expanding to seventy or eighty. At the head of these men he confirmed
the reputation for desperate valour which he bad won in the Soudan,
and added to it proofs of the enterprise and judgment which go to make
a leader of light cavalry. In the course of the reconnaissance he
ascended a small kopje accompanied by three companions, Colonel
Hoskier, a London Volunteer soldier, Vice, a civilian, and Sergeant
Howe. 'They are right on the top of us,' he cried to his comrades, as
he reached the summit, and dropped next instant with a bullet through
his heart. Hoskier was shot in five places, and Vice was mortally
wounded, only Howe escaping. The rest of the scouts, being farther
back, were able to get cover and to keep up a fight until they were
extricated by the remainder of the force. Altogether our loss was
formidable rather in quality than in quantity, for not more than a
dozen were hit, while the Boers suffered considerably from the fire of
our guns.

On March 5th General Gatacre found that the Boers were retreating in
front of him -- in response, no doubt, to messages similar to those
which had already been received at Colesberg. Moving forward he
occupied the position which had confronted him so long. Thence,
having spent some days in drawing in his scattered detachments and in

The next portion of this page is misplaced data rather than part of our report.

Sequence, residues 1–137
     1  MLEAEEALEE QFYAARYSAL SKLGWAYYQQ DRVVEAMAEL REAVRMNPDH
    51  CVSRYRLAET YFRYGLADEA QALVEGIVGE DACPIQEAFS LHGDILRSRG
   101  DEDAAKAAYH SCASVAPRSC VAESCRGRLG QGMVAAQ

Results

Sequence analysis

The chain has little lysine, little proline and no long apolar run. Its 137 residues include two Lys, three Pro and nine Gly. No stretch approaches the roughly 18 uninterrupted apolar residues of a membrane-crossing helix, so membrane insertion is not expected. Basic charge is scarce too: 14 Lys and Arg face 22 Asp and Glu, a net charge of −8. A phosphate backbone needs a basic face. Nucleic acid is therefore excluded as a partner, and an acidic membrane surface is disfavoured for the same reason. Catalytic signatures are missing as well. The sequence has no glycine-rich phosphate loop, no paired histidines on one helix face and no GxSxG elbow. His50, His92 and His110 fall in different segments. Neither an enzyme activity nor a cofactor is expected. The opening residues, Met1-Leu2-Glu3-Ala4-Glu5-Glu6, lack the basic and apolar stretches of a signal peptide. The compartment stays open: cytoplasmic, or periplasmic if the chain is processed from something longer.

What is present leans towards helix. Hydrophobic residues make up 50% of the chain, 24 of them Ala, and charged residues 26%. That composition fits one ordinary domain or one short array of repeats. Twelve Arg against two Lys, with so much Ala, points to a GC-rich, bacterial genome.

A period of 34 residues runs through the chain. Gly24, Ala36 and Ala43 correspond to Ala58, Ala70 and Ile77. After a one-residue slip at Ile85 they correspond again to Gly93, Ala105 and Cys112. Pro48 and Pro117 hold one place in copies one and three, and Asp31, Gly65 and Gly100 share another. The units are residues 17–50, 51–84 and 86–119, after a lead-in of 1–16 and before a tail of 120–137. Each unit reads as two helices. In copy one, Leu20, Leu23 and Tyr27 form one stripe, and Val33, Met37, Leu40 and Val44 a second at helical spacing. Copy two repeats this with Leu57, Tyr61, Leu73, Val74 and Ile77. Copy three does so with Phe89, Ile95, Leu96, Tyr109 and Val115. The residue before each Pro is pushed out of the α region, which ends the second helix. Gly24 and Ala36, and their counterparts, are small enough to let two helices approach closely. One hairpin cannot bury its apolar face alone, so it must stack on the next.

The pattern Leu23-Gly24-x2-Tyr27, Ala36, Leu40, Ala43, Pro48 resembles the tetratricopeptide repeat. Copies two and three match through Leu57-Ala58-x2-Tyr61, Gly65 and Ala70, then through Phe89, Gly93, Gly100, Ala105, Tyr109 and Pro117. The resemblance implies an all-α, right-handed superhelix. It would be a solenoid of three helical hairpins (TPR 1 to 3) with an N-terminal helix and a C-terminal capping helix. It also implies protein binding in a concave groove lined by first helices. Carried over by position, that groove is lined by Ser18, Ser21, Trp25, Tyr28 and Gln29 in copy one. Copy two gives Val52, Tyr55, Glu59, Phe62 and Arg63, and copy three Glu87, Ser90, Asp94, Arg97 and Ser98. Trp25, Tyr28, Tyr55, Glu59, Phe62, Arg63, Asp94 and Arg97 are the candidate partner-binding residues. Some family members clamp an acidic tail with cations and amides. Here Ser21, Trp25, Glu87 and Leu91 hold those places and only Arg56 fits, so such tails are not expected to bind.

mending the railway, he pushed forward on March 12th to Burghersdorp,
and thence on the 13th to Olive Siding, to the south of the Bethulie
Bridge.

There are two bridges which span the broad muddy Orange River, thick
with the washings of the Basutoland mountains. One of these is the
magnificent high railway bridge, already blown to ruins by the
retreating Boers. Dead men or shattered horses do not give a more
vivid impression of the unrelenting brutality of war than the sight of
a structure, so graceful and so essential, blown into a huge heap of
twisted girders and broken piers. Half a mile to the west is the road
bridge, broad and old-fashioned. The only hope of preserving some
mode of crossing the difficult river lay in the chance that the troops
might anticipate the Boers who were about to destroy this bridge.

In this they were singularly favoured by fortune. On the arrival of a
small party of scouts and of the Cape Police under Major Nolan-Neylan
at the end of the bridge it was found that all was ready to blow it
up, the mine sunk, the detonator fixed, and the wire laid. Only the
connection between the wire and the charge had not been made. To make